After a couple of small puffs of smoke, I have removed some top-bar combs and placed them upside-down to show the bee coverage. Subtle things are working here to make the bee work easier. The entrance holes do far more than just let the bees go in and out. With top-bar hive beekeeping, one becomes much more intimate with the comb building habits of bees since there are no sheets of foundation forcing the bees from their natural instincts. Unless the hive becomes crowded, bees refrain from building comb near entrances, a little-known fact. So the first top bar typically has a small comb and is easy to remove. The result: the entrances also let the beekeeper in the hive. If the first comb gets too big, I just move it to the back of the hive or use it to make up another colony. Furthermore, the entrances are mounting ports for other equipment like “plug on” syrup feeders, where one can feed a strong colony without opening the hive. And the entrances along with the alighting board serve to attach a pollen trap. Yes, pollen traps for top-bar hives. Moreover, the upper entrances also help ventilate the hive in winter. All the details are in my book, but for now appreciate that top-bar hive entrances are not just holes. Rather they are multifunctional “ports” strategically placed on the hive to achieve several goals to fully embrace keeping bees in a horizontal hive design.
Another subtle but important design is that my top bars hang over the edge of the hive, not cut even with the sides of the hive. Once the comb attachments are cut (easy to do and explained in the book), I reach under the overhanging ends and easily lift up the top bar on my finger tips. My comb handling is done mostly on my finger tips where the combs naturally remain vertical (as they should). The close-up picture on the left below shows the overhang from a front corner of the hive. The picture on the right below shows how I hold a top-bar comb on my finger tips.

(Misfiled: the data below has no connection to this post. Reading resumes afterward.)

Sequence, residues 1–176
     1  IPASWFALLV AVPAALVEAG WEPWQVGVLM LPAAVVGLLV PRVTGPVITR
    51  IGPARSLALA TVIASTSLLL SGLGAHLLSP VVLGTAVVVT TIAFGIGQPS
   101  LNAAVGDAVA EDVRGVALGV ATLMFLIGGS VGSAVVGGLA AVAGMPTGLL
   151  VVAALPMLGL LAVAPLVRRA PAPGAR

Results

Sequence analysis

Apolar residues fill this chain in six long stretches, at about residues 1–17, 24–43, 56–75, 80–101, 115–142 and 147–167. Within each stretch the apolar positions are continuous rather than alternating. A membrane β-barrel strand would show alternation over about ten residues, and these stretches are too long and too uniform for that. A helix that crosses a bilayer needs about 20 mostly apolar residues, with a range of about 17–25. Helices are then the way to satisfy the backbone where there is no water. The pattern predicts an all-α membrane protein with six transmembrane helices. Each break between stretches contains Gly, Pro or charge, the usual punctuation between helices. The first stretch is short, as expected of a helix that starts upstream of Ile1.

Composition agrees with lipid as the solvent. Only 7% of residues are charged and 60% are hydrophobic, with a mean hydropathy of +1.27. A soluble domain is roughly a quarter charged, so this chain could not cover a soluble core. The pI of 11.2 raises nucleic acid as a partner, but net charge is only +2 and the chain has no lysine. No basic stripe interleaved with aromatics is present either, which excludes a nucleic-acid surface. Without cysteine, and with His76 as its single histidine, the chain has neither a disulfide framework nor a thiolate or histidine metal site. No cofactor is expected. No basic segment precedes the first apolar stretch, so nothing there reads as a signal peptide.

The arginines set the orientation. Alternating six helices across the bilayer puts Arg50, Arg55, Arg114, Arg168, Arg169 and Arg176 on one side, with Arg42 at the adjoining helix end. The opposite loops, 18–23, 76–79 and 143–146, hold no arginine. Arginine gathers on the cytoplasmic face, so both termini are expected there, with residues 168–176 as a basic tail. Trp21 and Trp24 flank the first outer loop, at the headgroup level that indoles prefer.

In the next picture, I have put the combs in the nuc box, set them aside, and removed a brood comb. In August the brood nest is getting smaller. I raise my own queens (from varroa resistant stock, which does not need chemical treatments), and this stock also responds to the summertime marginal foraging conditions by a decrease in brood rearing (called season sense). A mild sumac nectar flow has started (no comb production) so the bees just fill the empty brood cells with the unripe sumac honey. I had removed the first top-bar comb next to the entrances earlier in the summer and the bees did not rebuild it, leaving an easy way into the hive and clustering space for the bees right behind the entrances.
The next picture shows the hive inspection from above with the top bars described by the text, starting from the front (entrance end) of the hive. The first few top bars removed go in the nuc box to make a working space, a gap separating the inspected combs from those not yet removed. This is a easy, natural, and logical way to look through a colony, seeing the combs in order from the front to the back of the hive. What to look for, how to manage the colony through the season, and the numerous special management topics to help beekeepers flourish are detailed in the book.
Now putting this all together, standing upright (the hive stand) without lifting heavy honey stores (due to the entrance placement), I can easily open hives (entrance placement again) and check the brood combs handling the top bars on my fingertips (from the top-bar overhang). So when I need to work through some 80 top-bar hives in a day, working alone, all these factors make the work flow smoothly along with the precise surgical use of smoke applied at the right time and in the correct amount. This kind of beekeeping is quite pleasant even when working many hives.